People have a certain impression of what being a game designer is all about. The usual reaction when I tell people what I do for a living is "OMG, that is soooo cool!" and more often than not followed by a "you dont look like a gamer!" -_-

Most of the time, they will ask me how I ended up in that field, how did I "score" such a job. And I tell them I've been playing games for as long as I can remember, that for many years I wrote and ran events and fiddled for quite some time with graphic design programs, level editors, etc. which in turn allowed me to build a decent enough portfolio that got me accepted in the game design program at the Ubisoft Campus. From there I was given the choice to do an internship in a video game company or do the school project. I went with the intership and got hired there, until the day I moved to the US to work on UO.

Since my joining the UO team has been announced, it's funny the number of people that didn't use to give me the time of day who suddenly think I'm the sweetest person under the sun. But beyond that, it's incredible how passionate those same people are about game design and how they feel they would be the perfect fit. Invariably, they ask for some sort of a hook up. "Can you get me in? Can you push my resume if I send it to you?"

Now here is where I get offended. It's not the fact that they are trying to use me to get where they want to be because I understand that sometimes you've got to be ruthless to get places. If that's what you have to do to get your foot in the door, then better shameless than sorry. No, what gets to me is the fact that these people do not actually care about the profession, and often they dont even care about the game or have quit playing it.

It's all about the glamour. Being able to brag about having "the cool job". When you ask them what they think the job entitles, they have no clue. They give me ignorant remarks such as "adding stuff to the game?". When you ask them what their qualifications are, why they think they deserve an interview more than the next guy, most of them fumble. Have you ever been a DM? A what? A DM, you know a Dungeon Master? Errr no? Hmmm, ok, have you ever writen fiction? Short stories? Fantasy tales? Quests? Puzzles? Errr no, none of that either. Wow, ok... Have you ever tried to create your own map with the map editors that come with certain games? Hell no! That looks too complicated. Sheesh, lets see. Have you ever done anything game related at all? Graphic design? 3D modeling? Scripting? 3D animation? Been a QA tester anywhere? Something? Anything? Oooh you Beta Tested a couple games and you feel that should suffice to qualify you as a game designer? I see.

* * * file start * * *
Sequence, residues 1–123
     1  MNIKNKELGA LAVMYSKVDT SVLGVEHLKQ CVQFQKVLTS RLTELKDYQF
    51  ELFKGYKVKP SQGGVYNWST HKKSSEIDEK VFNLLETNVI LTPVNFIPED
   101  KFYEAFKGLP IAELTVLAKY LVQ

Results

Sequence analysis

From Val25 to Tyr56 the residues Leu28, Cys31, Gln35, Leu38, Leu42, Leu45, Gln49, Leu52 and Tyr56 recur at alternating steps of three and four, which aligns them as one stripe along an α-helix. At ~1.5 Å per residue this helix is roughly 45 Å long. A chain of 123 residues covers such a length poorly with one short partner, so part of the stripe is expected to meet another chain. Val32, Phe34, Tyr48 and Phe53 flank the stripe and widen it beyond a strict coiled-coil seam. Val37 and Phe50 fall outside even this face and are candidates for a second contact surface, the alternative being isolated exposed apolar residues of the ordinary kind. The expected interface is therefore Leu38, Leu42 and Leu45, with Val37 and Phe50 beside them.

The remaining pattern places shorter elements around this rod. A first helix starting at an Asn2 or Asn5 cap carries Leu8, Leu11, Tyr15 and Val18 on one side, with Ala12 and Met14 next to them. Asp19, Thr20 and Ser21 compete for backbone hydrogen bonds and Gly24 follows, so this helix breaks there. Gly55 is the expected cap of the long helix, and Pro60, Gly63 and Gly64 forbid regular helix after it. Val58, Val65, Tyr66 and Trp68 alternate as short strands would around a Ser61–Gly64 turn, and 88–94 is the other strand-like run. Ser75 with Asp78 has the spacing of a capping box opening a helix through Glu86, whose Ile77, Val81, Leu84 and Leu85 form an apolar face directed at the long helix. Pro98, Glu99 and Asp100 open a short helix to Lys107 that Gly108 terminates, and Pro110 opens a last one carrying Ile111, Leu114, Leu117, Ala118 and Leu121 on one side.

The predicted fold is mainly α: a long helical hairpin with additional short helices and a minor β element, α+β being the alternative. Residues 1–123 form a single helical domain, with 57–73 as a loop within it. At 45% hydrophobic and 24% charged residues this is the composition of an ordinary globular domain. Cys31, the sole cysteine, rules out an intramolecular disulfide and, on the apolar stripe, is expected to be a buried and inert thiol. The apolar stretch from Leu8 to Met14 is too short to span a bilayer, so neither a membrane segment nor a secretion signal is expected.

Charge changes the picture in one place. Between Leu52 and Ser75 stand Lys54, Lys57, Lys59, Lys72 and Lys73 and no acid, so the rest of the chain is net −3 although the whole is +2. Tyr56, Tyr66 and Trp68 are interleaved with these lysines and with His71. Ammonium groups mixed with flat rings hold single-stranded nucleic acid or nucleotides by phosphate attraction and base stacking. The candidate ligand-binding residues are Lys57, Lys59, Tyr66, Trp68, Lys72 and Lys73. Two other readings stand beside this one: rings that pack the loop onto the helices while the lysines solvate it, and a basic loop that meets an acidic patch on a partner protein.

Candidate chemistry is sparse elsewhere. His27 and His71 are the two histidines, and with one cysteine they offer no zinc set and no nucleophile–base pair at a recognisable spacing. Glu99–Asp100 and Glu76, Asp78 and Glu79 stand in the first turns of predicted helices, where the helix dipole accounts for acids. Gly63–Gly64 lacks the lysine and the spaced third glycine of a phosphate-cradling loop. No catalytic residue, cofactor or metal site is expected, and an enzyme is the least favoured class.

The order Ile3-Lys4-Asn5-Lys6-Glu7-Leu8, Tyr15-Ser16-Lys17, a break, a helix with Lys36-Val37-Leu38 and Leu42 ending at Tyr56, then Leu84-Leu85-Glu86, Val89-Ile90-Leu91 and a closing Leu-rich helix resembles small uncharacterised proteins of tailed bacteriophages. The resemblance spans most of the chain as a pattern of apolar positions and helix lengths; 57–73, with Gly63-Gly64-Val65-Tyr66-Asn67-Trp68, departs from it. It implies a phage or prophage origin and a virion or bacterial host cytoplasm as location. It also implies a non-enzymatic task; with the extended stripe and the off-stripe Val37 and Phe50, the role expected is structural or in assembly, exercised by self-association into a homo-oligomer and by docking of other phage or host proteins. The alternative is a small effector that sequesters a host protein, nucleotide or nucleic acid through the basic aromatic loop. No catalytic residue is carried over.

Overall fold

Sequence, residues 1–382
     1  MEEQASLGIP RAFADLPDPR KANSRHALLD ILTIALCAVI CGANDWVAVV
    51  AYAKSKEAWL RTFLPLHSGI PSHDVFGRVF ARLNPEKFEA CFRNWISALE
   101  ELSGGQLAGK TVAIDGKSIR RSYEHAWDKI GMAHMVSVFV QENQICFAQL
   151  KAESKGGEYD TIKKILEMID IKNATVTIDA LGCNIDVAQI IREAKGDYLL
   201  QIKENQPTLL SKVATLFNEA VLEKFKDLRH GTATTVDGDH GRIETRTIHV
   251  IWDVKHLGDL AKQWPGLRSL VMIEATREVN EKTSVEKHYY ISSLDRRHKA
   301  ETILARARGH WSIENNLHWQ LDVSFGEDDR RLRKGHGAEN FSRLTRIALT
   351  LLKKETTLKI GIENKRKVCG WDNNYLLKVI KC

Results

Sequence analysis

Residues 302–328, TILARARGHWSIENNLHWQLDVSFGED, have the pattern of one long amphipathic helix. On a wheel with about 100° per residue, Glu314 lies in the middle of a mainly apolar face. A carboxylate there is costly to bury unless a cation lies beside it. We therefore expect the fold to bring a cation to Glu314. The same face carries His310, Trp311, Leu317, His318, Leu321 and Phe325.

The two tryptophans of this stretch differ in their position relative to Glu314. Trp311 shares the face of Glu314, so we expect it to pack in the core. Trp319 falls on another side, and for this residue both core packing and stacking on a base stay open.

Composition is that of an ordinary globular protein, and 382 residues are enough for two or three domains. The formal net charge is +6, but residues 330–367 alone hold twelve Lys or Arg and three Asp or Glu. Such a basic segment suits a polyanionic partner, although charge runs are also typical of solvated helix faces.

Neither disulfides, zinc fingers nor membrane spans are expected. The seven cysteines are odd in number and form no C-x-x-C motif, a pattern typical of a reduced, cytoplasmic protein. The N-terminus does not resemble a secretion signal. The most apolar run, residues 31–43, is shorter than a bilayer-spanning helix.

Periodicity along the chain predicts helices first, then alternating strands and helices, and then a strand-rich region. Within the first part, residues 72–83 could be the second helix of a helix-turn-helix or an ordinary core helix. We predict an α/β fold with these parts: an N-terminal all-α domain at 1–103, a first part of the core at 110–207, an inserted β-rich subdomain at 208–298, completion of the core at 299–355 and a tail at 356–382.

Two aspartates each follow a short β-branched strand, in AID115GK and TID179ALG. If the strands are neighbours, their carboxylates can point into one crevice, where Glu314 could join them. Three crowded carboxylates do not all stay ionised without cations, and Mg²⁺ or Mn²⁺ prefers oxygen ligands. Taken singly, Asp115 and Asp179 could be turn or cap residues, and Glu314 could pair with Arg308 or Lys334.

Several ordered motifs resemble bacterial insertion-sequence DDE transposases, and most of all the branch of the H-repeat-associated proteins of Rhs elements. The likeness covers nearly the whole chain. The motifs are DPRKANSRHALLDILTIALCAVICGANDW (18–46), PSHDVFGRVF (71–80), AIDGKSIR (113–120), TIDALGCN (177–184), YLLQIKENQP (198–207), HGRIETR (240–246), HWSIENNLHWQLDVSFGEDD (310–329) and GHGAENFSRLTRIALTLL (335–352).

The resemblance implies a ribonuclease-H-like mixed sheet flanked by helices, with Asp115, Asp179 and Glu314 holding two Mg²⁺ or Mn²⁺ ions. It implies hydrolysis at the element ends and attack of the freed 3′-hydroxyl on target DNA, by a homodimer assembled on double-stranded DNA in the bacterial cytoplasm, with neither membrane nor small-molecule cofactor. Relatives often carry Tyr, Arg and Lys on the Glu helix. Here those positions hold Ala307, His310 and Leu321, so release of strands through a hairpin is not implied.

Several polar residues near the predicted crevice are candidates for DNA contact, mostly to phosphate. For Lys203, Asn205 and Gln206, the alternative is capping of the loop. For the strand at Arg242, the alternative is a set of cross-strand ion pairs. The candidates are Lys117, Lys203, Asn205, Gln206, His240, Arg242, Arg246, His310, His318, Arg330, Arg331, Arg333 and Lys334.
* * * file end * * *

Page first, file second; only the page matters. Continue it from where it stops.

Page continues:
So hmmmm, assuming that by some sort of miracle I do manage to get you an interview, how are you going to convince the team that you can do the job? You don't know? Haven't gotten to that part yet?

This is not a game.

All the people on the team, be it the artists, the designers, the engineers, the testers and yes even CS (despite all the bad press they get) are really hard working, passionate and creative people. We don't play games all day. We WORK.

You want to work in games, earn your place. It doesn't have to be with a billion diplomas or years of experience. But it certainly has to be with undeniable passion and commitment. You cannot just wake up one day and expect to be handed over a game design job (or any other job) without some sort of credentials or verifiable talent or skill. You can't afford to go to school or there are none in your area teaching that field, then you build yourself a portfolio at home. Start playing with the map editors that come with your games. Start learning programs such as Maya and 3DS and Photoshop. Take advantage of the free online scripting programs. Start writing some fiction. Start setting up some player run events. Do the work for a bit to see how that shoe fits. Once you know what kind of work we're talking about, then you can ask for the hook ups.

Stop asking for free rides.


Friday, July 18, 2008

Insider Trading

As a game designer, working on a MMO is so insanely different than working on an offline game. It is mostly different because imho, to be a good MMO designer you must also play your game as you cannot fully understand the repercussions of your choices, the players, the community, their needs, struggles and aspiration unless you are right there alongside them. But if you do play the game, every decision you makes as a designer also affects your own gameplay, with the power to tip the balance in your favor or against yourself.

And with this power comes knowledge... knowledge which can also be your worse nightmare...

So here I am with my guild. We just finished a spawn and are rolling for scrolls at the GH. One of the guildmates tosses his 105 on the ground. A few others do the same with their 105 and 110. I look and say nothing. But I know in 2 days when the publish hits, those scrolls will actually be worth keeping for the extra turn in points. That first guildmate then proceeds to throw a map of Sosaria on the floor. I stare at him for a couple seconds and clear my throat saying "you might want to hang on to that, it could sell for a pretty penny". He goes, "Pfft, I have those coming out the wazoo, so does everyone else. Can't even give them away! Let the damn thing decay. Anyways, I've thrown most of the others out already".